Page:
A detailed history, from the mid-thirteenth to the early sixteenth century, of an Italian state, Rimini, and its ruling family, the Malatesta. The Malatesta are best known, through the works of Jacob Burckhardt, John Addington Symonds and others, for their colourful contribution to the court life and culture of renaissance Italy. There are other sides to their history of at least comparable importance. By their representative status, as princes of middle rank, and by their unusually long tenure of power, the Malatesta are among the families most typical in all its stages of Italy's Age of Despots: in their acquisition and exercise of authority, their political career and personality, in the circumstances of their fall. At the same time, by their position as papal subjects, in Romagna and the March of Ancona, their progress is inseparable from the parallel history of government in the Papal State, first effectively founded in the same century as Maltesta rule and consolidated, two hundred years later, by the destruction of the Malatesta and other tyrants of central Italy.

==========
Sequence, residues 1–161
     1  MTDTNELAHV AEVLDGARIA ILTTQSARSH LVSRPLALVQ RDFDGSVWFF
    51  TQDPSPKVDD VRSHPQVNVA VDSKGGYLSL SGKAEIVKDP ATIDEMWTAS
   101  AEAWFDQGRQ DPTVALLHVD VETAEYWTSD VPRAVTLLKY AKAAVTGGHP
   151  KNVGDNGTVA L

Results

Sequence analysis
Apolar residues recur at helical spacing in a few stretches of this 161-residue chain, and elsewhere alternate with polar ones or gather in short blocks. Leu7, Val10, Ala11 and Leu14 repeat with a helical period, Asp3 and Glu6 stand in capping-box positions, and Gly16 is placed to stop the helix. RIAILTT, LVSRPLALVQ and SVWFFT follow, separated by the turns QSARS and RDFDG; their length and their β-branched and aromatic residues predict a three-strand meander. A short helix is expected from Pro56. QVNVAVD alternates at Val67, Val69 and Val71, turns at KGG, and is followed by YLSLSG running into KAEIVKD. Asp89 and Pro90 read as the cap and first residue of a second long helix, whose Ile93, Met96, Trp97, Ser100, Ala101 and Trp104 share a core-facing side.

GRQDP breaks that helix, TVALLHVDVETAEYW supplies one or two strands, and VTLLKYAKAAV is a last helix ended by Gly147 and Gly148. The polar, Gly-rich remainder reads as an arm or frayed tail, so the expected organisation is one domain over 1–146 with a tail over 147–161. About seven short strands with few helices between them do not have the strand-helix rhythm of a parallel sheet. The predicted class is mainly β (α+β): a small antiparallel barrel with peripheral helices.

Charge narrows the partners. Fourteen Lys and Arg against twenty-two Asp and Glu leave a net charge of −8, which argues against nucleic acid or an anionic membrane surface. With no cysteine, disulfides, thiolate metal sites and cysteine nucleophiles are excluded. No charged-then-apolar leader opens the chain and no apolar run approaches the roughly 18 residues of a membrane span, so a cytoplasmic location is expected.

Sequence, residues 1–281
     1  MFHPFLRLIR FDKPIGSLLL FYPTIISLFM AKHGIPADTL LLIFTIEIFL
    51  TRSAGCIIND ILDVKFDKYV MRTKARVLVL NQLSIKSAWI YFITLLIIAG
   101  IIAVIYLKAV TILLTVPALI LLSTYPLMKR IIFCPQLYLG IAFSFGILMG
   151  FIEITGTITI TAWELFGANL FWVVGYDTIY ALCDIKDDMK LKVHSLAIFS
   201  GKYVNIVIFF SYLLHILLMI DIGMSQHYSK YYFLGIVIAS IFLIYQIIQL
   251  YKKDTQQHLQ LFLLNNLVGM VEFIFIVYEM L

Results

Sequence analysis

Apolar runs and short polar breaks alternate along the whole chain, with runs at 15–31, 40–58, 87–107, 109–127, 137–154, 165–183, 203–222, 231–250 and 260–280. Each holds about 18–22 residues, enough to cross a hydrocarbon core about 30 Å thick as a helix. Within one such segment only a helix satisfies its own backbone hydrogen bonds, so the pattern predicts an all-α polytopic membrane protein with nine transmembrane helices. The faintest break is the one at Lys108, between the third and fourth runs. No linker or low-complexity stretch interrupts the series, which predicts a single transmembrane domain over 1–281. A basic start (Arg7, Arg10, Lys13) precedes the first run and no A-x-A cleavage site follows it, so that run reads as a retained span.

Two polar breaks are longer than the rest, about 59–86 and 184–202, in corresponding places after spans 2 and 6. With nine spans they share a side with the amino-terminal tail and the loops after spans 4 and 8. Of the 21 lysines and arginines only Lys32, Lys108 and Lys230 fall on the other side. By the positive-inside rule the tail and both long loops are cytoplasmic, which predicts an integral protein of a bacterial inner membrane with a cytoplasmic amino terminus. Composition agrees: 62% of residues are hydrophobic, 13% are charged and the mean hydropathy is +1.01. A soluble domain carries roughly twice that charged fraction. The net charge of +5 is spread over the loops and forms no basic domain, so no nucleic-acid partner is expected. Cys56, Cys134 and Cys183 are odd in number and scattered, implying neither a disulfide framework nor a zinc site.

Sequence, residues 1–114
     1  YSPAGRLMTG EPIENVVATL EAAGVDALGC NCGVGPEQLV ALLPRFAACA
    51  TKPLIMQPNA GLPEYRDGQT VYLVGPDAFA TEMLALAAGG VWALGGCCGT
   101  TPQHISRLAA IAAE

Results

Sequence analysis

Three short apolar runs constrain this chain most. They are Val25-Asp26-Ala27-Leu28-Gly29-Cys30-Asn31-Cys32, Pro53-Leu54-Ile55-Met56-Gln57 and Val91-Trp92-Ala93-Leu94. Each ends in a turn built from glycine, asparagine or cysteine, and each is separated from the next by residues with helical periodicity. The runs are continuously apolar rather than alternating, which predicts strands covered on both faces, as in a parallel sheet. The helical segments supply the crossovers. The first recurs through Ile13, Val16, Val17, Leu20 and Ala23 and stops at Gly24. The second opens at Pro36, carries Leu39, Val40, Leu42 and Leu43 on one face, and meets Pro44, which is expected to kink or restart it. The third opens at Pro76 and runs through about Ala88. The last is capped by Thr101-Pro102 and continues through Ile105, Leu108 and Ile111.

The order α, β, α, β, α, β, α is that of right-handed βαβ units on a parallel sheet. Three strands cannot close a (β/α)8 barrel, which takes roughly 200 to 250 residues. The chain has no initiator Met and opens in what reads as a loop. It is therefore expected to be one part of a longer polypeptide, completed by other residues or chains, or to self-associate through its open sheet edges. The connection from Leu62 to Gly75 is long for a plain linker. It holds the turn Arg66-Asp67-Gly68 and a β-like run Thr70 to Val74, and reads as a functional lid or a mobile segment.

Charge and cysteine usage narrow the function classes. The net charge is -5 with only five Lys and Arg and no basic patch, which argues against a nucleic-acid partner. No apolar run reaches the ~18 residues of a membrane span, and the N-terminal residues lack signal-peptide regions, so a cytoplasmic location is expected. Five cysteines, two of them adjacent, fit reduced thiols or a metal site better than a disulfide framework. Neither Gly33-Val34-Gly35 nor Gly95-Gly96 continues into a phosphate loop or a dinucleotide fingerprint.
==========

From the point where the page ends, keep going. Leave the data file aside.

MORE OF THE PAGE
It is the purpose of this book to investigate in detail the origin, development and character of Maltesta government and the causes of its overthrow, against the background of changing relations between popes and despots, dynastic and papal signoria.
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(216mm x 138mm x 22mm)
Cambridge University Press
Publisher: Cambridge University Press
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